“It depends on how you look at it,” I muttered, leaning on the back of one of the chairs. It seemed a safe guess now that Dawson and Voorman had been arguing about who our field analyst would be. Analysts fit for the field are almost as rare as talents, and in just as high demand. I was willing to bet the only other qualified person available was Mona Templeton. The senator knew her already; I was willing to bet he’d rather have a total rookie who didn’t like Voorman yet than an actual field ready agent who did.

“Where is the Senator?”

“Agents Mosburger and Herrera were waiting in the other conference room.” Senator Brahms Dawson walked in as he spoke, looking as immaculate as always. I took a minute to reckon it up. With his steel gray hair shellacked into a perfect side part that wouldn’t move in the wind, his tailored brown suit pressed to razor sharpness and his fit figure showing the signs of daily exercise, I estimated that, in order to get here early enough to argue about field analysts with Voorman he must have gotten up some time around three this morning. Momma taught me to be a stickler for punctuality, but even I don’t start getting ready that early.

“Taking a moment to make sure Agent Herrera didn’t want to back out?” I asked.

“Why not ask her yourself?” Senator Dawson favored me with a sardonic half smile as he stood by the chair at the head of the table. His question made me realize that he wasn’t alone. Tunnel vision is one of my biggest problems in tactical situations, and the Senator must qualify because I’m sure there’s no way I would have missed Agent Herrera otherwise.

She was standing a half step behind the Senator and let me just say, as an expert on the subject, that she was smoking hot. She had high cheekboness and a strong, sharp nose and she was tall. I’d guess she was about five-foot ten, although an inch or two of that might have been heels, I didn’t want to bend over and check, but more than her height or looks she had the kind of presence that attracted attention, part practiced poise, part natural charisma. I recognized that kind of thing from Sanders and, for that matter, the Senator.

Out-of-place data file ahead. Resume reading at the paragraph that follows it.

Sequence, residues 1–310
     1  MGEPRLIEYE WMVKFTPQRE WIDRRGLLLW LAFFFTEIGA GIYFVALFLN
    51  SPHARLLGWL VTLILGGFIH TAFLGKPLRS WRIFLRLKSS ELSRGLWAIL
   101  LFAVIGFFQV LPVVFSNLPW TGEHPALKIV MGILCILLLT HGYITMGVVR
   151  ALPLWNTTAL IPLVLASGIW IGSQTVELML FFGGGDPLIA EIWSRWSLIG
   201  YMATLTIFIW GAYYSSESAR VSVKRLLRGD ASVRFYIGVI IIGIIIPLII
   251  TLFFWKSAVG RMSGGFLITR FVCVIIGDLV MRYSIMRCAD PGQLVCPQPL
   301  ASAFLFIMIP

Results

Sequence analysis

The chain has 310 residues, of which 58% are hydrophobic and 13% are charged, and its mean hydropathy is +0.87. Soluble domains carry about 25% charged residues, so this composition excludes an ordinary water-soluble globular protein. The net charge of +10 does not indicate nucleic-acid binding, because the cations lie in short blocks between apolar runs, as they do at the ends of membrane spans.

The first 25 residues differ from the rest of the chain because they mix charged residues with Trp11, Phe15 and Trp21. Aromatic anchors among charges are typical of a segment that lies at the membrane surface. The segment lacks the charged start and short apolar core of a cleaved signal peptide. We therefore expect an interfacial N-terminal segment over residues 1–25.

In another ten years I suspected Dawson might not want to be in the same room with her. He’d be overshadowed, and that’s the kind of thing politicians can’t stand. “Special Agent Herrera.” I stepped away from the chair and held out my hand. “Special Agent Double Helix. No offense. This is a strange job and not everyone wants to be here.”

She favored me with what looked like a genuine smile and gave my hand a firm, friendly shake. No trembling, no jerking the hand back as soon as I let go. Surprisingly normal. “No offense taken, Double Helix. And please, call me Teresa. I knew what I was getting into when I volunteered for this position; I hope you’ll find I’m ready for it.”

I glanced at the two inch folder she was holding under her other arm. It looked a lot like she’s already had a chance to do a little reading on me, so maybe she did have some idea what she was in for. “Let’s hope you’re up for the challenge, then. And if we’re being informal, you can call me Helix like everyone else. Less of a mouthful.” I looked around at the room, then back at Senator Dawson. “All we’re missing is the tactical team. Who do we have? More handpicked rookies?”

“Actually,” Herrera said, “I’ve asked that your previous tactical support team be transferred over with you. I’d hate to have you be the only experienced agent on the team, and I’m told your talent can be difficult to work with.”

“‘Doesn’t play well with others’ often appeared on my report cards,” I said dryly. However, I was also relieved. It had taken Jack and the others a while to get used to some of the difficulties heat sinking can pose, I hadn’t really been looking forward to the idea of breaking in a new team. “Are they coming?”